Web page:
April 20, 2011
Lubutu Uhuru Arrives Safely at GRACE
Snatched from the forest by poachers after his mother was killed. . . Kept in miserable conditions for months. . . Taken back and forth on the road, to be sold for big money. . . Rescued in the town of Lubutu in the Democratic Republic of Congo (DRC) and transported by car and plane to the big city of Goma…
Finally, the ordeals of infant Lubutu Uhuru came to an end, when he was successfully transferred to GRACE (the Gorilla Rehabilitation and Conservation Education center) on April 15. A haven for confiscated Grauer’s gorillas in eastern Congo, GRACE will not only provide Lubutu with adequate care, but also give him a new gorilla family and the chance to some day return to life in the wild.
Estimated to be around two years old, Lubutu is the sixth gorilla to arrive at GRACE during the past year. Although he had already cleared all veterinary exams in Goma, he will spend the four post-travel weeks in isolation before being introduced to his peers.
During quarantine Lubutu has three caregivers on duty, who rotate so that one sleeps with him during the night and two spend time with him in the forest from the crack of dawn until sunset. Fortunately, little Lubutu is adjusting really well both to the new surroundings and to the new human faces in his life.
“He is very easygoing and has accepted the caregivers without any trouble,” reports Luitzen Santman, GRACE interim manager. “On the one hand this is making our immediate job easier, but on the other hand this is a clear symptom of the abnormal life he had been living for quite a while now. He has been around humans for so long that he behaves like a pet. At GRACE he needs to learn how to be a gorilla again.”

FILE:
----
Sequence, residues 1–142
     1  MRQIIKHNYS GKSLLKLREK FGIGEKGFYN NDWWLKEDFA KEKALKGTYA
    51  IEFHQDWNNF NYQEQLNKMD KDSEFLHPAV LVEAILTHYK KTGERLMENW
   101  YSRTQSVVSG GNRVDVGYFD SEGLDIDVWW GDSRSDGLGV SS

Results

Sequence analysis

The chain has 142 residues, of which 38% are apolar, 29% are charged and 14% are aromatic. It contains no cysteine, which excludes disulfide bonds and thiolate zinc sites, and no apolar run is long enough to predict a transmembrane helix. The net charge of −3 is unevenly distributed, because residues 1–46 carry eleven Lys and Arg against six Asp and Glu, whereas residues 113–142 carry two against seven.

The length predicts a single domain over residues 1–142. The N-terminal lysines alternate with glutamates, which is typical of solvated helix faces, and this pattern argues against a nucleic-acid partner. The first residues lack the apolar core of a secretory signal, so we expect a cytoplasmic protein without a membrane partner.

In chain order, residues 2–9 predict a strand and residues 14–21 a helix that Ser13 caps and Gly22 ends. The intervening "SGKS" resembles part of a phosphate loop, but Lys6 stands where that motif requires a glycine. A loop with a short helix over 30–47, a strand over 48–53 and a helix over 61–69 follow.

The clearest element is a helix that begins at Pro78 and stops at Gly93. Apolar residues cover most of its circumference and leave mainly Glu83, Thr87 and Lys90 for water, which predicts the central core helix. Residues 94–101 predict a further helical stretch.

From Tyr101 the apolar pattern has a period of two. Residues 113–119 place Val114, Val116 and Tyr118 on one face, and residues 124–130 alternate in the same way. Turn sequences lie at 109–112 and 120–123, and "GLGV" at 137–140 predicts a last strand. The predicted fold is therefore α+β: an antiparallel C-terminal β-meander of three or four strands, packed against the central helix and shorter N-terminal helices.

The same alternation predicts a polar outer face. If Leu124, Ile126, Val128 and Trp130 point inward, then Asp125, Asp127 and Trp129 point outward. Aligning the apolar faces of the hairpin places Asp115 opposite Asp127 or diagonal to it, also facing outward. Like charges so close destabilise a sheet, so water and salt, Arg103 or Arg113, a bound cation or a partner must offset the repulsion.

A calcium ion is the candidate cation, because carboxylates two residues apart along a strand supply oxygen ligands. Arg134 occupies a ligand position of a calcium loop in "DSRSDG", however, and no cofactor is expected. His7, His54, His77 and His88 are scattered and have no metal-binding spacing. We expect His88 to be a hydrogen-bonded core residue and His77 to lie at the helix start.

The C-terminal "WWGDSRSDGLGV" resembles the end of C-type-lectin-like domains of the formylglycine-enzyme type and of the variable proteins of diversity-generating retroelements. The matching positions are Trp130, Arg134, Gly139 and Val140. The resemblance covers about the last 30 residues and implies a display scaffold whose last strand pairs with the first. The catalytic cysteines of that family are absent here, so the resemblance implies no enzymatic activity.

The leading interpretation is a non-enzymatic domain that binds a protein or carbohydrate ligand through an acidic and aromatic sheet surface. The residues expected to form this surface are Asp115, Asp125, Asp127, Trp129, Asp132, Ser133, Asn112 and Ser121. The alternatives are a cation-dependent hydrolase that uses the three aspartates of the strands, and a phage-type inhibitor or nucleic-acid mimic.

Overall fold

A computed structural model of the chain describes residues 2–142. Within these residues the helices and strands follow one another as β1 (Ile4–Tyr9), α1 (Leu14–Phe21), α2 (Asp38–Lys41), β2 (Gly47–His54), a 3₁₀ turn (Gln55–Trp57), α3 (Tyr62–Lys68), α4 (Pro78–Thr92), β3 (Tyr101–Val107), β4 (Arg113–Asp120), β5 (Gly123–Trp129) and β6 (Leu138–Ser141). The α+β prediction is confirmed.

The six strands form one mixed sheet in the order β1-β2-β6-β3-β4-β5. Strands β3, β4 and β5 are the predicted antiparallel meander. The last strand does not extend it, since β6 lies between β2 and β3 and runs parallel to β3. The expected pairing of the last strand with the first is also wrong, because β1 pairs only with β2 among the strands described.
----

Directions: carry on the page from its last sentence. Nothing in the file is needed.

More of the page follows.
By contrast, Kyasa, the orphaned baby gorilla who arrived at GRACE in January, had a much harder time trusting his new caregivers here, due to the traumatic experiences he had been through and the overall fear of humans he had developed. Slowly, however, Kyasa bonded with the caregivers and has since made tremendous progress, both physically and psychologically. He is now thriving, and is almost completely integrated with the other four, bigger, gorillas. Mapendo, Kighoma, Amani and Ndjingala have formed a cohesive group since April 2010, and they have by now fully accepted Kyasa as part of their family. They are separated only at night, when Kyasa still sleeps with a caregiver, but this gap too will be bridged in the immediate future.
It is everyone’s hope that in a few weeks’ time Lubutu will also be integrated without any major problems. For now, however, he has a lot of catching up to do. Due to a completely improper diet and major stress during his long captivity, he suffered significant weight and hair loss. Luckily, he has a very good appetite, and he is delighted with all the forest foods at his disposal now. He also receives milk and sosoma – a very nutritious blend of soy, sorghum and maize – so that he can gain his strength and stamina back. He is active in the forest, although still wary of wandering off on his own. As soon as he hears unfamiliar noises he sits quietly, listens, and searches for the comfort of the caregivers.
As Kyasa is being integrated and Lubutu rehabilitated, six other Grauer’s gorillas currently housed at a temporary facility in Rwanda are ready for their transfer to GRACE. Aged between five and nine years old, they were originally caught by poachers in eastern DRC – the only place in the world where Grauer’s gorillas live in the wild – but have been cared for in Rwanda for several years now, as Congo lacked an adequate facility and security at the time. It is envisaged that within a few months, all of the 12 gorillas at GRACE will be brought together in one family.
Submitted by Sinziana Demian, Field Communications, Dian Fossey Gorilla Fund International